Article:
Problem 2. Writing is complex

Even worse is that the work that a comment requires is often not confined to the portion of the write up in which the comment is written — a piece of writing is a large, complex and interwoven thing with different sections dependent upon each other, and so often comments require either a grand restructuring or at least have ramifications for multiple sections, which can in itself be overwhelming.

Problem 3. Comment functions make for crappy to do apps

Adding another level of frustration, commenting functions seem to have been set up for the needs of the commenter, with little thought given to the person who has to enact them i.e. they lack the features of to do list programs (e.g. being able to tag, sort and organise them). There are often also an overwhelming number of comments, and, in their natural format, you cannot see them on a single screen (they’re spread out over many pages), and so your brain struggles to process them as a whole, and it’s all too easy to go into panic mode about how much work there is to do and what the nature / structure of that work is.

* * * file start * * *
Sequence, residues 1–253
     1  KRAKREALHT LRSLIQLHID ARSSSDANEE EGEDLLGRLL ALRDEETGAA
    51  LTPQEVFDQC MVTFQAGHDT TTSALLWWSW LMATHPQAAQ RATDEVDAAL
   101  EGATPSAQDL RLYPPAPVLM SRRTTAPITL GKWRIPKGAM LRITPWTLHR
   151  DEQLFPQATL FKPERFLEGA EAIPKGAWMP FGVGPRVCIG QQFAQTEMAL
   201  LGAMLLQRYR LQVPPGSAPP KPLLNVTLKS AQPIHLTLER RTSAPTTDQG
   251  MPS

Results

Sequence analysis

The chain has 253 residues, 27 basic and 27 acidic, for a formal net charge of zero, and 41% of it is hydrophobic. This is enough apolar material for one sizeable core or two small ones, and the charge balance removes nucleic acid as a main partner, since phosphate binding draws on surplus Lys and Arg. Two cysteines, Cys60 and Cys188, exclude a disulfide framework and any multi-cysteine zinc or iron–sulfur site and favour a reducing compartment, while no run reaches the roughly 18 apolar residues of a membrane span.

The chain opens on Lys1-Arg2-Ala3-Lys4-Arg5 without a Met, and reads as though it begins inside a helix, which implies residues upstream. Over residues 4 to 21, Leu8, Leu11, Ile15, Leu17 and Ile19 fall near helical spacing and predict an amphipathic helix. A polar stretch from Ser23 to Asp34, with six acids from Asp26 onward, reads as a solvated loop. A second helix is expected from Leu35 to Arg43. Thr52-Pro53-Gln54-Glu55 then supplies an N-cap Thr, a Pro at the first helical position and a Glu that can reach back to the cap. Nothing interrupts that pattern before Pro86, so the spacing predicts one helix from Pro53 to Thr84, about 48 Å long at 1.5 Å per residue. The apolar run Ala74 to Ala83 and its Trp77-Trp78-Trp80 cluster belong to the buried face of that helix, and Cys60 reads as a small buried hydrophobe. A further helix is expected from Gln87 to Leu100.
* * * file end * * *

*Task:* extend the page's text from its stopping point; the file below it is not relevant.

The Solution

OK, so, how do we fix this? The main way I am going to propose draws quite heavily on the ‘next action’ concept in Getting Things Done®, and is not far from how you would sort out an overflowing, messy to do list.

Step 1. Do the small stuff

The first thing is to go through all the comments and do any that, by lucky happenstance, happen to be both written in such a way that when you read it, your brain immediately knows what to do (like ‘add a caption to this graph’) and will take less than, say, five minutes. Just do these now, ignoring all the other comments. If you reaaally don’t wanna do them right now, fine, just move to the next step (we’ll come back to these in step 3), but the reason we do this is because the sheer number of comments can often be overwhelming in and of itself, and so getting all these small ones out of the way not only provides small wins for your motivation, but gives you less comments to sort in the next step.